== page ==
Monday, 20 August 2012

James Hilton vs Graham Greene

  The blitz- the Nazi bombardment of London- evoked a similar response in two great writers whose work translates well to the big screen. Both chose to write novels about distraught men, suffering from amnesia, burdened by some nameless guilt, who nevertheless find themselves, and perhaps are redeemed, as the bombs rain down.
   James Hilton's 'Random Harvest' is explicitly political. Britain itself is the amnesiac which forgot the promises it had made to itself at the end of the First World War. The 1930's themselves had been as 'a long Weekend'- a golden afternoon of declining effort and increasing rewards- but also a 'lost Weekend' in the sense of a man on an alcoholic bender who will retain no memory of the enormities he perpetrated while drunk.
  Graham Greene's 'the Ministry of Fear' is simply a thriller- a pot boiler- it turns out his amnesiac was guilty of murdering his own wife whereas Hilton's hero had merely abandoned his. But, it was a mercy killing and so, in Greene's novel, there is a sort of redemption to be found in battling Nazi agents and in the arms of some slightly shop soiled girl with ambiguous loyalties. Hilton's hero, however, had absent mindedly remarried the very wife he'd abandoned and so the recovery of his memory is either a truly damning indictment of his fundamental superficiality, the superficiality of his class and caste, or it is a Divine Comedy vouchsafing the Universal Truth that all Good Marriages are based on the husband's amnesia, his absent minded remarrying of the woman whom he abandoned, and wives probably only put up with husbands in the prospect of getting in this truly devastating last word.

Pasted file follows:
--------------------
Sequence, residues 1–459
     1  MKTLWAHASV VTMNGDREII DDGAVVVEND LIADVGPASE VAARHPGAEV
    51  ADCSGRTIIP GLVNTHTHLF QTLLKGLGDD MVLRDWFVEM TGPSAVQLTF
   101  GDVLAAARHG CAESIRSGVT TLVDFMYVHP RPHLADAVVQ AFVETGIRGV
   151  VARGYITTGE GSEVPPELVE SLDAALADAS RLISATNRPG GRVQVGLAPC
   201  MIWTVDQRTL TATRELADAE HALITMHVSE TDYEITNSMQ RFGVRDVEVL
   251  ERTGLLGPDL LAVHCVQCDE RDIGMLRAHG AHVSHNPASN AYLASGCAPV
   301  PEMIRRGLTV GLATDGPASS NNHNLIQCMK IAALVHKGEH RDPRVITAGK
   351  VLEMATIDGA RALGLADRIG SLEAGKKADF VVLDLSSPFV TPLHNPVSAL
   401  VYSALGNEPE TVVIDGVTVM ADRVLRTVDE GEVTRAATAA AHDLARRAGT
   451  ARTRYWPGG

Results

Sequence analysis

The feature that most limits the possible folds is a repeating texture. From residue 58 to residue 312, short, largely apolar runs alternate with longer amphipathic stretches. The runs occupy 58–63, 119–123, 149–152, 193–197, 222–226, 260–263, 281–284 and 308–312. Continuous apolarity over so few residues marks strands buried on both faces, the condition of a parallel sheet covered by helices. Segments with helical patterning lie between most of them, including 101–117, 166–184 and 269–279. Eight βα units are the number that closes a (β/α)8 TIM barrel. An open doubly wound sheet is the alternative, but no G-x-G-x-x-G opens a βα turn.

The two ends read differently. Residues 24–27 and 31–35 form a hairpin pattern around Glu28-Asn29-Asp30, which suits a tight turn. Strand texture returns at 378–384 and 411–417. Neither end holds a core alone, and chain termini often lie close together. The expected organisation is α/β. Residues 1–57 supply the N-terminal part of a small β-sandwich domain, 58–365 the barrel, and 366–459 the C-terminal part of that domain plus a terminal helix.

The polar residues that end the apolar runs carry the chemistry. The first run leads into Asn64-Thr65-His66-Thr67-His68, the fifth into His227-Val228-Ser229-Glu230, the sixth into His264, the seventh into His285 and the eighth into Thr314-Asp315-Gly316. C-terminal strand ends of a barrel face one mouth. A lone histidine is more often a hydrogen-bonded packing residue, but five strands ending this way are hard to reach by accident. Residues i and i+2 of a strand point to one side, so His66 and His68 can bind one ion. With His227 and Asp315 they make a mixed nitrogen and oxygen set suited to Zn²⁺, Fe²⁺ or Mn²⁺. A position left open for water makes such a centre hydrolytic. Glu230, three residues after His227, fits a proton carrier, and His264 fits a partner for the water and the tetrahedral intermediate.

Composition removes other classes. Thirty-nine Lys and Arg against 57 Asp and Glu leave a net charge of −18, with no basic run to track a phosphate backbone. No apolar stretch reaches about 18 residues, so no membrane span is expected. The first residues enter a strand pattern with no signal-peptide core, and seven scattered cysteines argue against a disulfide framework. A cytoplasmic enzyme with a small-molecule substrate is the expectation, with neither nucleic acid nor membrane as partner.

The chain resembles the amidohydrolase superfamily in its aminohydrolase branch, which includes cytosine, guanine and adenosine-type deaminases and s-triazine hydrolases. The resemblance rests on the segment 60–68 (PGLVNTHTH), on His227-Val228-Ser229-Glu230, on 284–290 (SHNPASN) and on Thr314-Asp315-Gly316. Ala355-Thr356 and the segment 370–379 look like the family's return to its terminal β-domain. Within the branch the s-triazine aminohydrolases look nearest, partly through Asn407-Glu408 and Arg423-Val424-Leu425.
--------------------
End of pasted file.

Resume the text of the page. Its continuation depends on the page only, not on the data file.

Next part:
James Hilton, like Graham Greene, was the son of a headmaster- but the headmaster of a State funded School rather than a 'Public' School- and he too went up to Oxbridge after the War but, it would seem, before the aestheticism of a Harold Acton established its reign.
  Literary success came earlier to Hilton- he is credited with setting off the paper-back phenomenon- and Hollywood made hugely popular versions of his 'Lost Horizon' and 'Goodbye Mr. Chips'. Interestingly, these versions remain pretty faithful to the original novel- whereas American directors often reversed the meaning of Greene's, but also Maugham's, stories.
 In terms of Class origin and political views, Hilton is close to, the Economist, Ronald Coase and his American sojourn, like that of Coase, was productive of the type of insights the British tradition of Liberal Political Economy needed to reinvigorate itself as opposed to the Continental nonsense that grafted itself onto the aestheto-Anglo-Catholic colocational availability cascades that shitheads like Chesterton and Belloc, but also Wyndham Lewis and D.H. Lawrence, were propagating.
  Greene, unlike Waugh, had no feeling for British tradition in political economy and his attempt to be a sort of dingy Dos Passos in the 30's fell somewhat flat. By contrast, Waugh's 'Work suspended' was anthologized by the Soviets because it showed a sharper grasp of Political Economy than that displayed by any of their partisans or fellow travelers.
   Hilton died relatively young and with him was buried that portion of the childhood of Judas in which Christ hadn't yet been betrayed. Greene was the Garden that overgrew what can never grow up. Both were blind alleys. The Toys finally threw away the children and successfully adjusted to bitter-sweet careers in Media Sales and Business Process Outsourcing.

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